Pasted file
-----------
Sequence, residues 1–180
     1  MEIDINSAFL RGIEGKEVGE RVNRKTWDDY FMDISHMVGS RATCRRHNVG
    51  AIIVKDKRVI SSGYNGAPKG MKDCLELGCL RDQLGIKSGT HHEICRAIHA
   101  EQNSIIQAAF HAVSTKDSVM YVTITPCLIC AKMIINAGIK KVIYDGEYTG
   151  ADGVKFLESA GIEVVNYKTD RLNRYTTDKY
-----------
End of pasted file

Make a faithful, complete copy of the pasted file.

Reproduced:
Sequence, residues 1–180
     1  MEIDINSAFL RGIEGKEVGE RVNRKTWDDY FMDISHMVGS RATCRRHNVG
    51  AIIVKDKRVI SSGYNGAPKG MKDCLELGCL RDQLGIKSGT HHEICRAIHA
   101  EQNSIIQAAF HAVSTKDSVM YVTITPCLIC AKMIINAGIK KVIYDGEYTG
   151  ADGVKFLESA GIEVVNYKTD RLNRYTTDKY